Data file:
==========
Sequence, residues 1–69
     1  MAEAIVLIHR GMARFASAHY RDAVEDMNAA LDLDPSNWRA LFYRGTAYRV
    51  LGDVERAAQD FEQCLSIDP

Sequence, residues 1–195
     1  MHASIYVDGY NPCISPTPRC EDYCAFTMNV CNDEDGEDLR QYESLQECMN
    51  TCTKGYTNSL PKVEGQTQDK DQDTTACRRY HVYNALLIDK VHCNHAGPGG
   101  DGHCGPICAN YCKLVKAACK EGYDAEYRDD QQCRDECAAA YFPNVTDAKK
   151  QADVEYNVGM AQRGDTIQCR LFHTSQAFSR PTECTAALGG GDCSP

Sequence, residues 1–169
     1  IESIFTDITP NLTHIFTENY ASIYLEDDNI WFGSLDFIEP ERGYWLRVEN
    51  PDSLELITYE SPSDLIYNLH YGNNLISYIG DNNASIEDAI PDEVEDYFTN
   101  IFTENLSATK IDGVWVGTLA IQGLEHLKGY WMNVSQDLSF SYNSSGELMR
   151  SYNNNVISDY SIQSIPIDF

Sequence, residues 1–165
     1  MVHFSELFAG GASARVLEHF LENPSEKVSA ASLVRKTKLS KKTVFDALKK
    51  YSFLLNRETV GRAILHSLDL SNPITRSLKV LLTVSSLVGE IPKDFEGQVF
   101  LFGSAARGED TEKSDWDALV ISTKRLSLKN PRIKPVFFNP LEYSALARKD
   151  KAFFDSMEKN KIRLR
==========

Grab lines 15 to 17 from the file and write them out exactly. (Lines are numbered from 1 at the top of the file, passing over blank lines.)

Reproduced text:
     1  MVHFSELFAG GASARVLEHF LENPSEKVSA ASLVRKTKLS KKTVFDALKK
    51  YSFLLNRETV GRAILHSLDL SNPITRSLKV LLTVSSLVGE IPKDFEGQVF
   101  LFGSAARGED TEKSDWDALV ISTKRLSLKN PRIKPVFFNP LEYSALARKD